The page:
(related to Problem: A Juvenile Puzzle)

As the conditions are generally understood, this puzzle is incapable of solution. This can be demonstrated quite easily. So we have to look for some catch or quibble in the statement of what we are asked to do. Now if you fold the paper and then push the point of your pencil down between the fold, you can with one stroke make the two lines $CD$ and $EF$ in our diagram. Then start at $A,$ and describe the line ending at $B.$ Finally put in the last line $GH,$ and the thing is done strictly within the conditions, since folding the paper is not actually forbidden. Of course, the lines are here left unjoined for the purpose of clearness.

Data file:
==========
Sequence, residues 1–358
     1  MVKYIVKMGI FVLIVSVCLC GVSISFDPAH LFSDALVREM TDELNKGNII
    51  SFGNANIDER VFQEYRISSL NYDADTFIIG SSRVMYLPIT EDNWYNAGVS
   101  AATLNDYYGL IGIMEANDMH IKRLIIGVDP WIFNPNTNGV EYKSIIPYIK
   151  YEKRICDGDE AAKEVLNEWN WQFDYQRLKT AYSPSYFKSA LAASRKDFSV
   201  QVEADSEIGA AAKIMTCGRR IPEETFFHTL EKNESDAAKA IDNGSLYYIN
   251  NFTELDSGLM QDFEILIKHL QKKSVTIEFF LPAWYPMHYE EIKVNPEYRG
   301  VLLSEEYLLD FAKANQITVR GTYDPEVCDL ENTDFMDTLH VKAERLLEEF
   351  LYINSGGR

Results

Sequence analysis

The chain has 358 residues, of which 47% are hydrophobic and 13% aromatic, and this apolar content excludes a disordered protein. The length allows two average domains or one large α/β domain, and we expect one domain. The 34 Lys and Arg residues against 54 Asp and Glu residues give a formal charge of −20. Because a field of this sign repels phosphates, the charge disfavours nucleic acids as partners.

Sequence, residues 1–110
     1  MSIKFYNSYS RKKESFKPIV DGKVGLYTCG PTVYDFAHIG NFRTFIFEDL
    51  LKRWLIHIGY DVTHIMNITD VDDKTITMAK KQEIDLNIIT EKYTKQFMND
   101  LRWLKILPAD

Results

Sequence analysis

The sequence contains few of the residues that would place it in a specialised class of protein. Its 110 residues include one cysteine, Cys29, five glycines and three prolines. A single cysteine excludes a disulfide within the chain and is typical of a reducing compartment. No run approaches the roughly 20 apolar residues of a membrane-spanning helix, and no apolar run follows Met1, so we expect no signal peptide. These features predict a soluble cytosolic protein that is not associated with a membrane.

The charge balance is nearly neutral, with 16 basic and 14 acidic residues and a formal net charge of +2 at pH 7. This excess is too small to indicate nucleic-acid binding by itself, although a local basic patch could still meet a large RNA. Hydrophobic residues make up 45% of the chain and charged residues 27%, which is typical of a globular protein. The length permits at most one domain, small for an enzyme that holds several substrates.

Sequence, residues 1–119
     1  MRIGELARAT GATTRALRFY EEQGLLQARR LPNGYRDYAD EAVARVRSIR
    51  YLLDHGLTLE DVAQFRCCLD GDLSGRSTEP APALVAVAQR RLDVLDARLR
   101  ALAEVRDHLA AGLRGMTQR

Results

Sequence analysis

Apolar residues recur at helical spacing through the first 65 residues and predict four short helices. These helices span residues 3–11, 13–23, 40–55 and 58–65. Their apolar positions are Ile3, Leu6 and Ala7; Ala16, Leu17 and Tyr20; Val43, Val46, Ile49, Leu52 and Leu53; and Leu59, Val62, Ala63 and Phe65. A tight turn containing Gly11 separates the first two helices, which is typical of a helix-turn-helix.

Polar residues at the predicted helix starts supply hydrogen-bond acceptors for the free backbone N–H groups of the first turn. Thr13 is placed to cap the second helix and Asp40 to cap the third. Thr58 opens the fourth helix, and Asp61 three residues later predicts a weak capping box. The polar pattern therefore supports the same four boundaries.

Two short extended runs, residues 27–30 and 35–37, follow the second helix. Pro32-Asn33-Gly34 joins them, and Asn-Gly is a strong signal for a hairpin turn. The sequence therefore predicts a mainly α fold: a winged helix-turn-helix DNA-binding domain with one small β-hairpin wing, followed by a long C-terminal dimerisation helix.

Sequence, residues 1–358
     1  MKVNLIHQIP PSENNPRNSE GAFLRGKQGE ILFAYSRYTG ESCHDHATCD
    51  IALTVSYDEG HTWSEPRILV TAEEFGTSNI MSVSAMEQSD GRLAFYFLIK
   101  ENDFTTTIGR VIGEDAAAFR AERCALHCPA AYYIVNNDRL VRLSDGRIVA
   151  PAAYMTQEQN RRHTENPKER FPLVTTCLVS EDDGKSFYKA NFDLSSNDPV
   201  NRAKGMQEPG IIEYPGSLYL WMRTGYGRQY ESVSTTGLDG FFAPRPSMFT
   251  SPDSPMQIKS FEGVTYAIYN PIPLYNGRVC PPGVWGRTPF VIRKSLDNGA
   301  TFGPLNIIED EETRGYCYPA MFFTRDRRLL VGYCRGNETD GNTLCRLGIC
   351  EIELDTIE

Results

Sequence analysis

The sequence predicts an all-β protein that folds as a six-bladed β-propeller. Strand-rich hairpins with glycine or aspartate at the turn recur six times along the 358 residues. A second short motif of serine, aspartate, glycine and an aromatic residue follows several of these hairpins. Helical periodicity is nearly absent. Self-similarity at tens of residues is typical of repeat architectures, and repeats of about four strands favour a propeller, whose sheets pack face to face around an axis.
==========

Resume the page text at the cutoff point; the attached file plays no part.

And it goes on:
In the rubbing out form of the puzzle, first, rub out $A$ to $B$ with a single finger in one stroke. Then rub out the line $GH$ with one finger. Finally, rub out the remaining two vertical lines with two fingers at once! That is the old trick.

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Project Gutenberg

  1. Dudeney, H. E.: "Amusements in Mathematics", The Authors' Club, 1917

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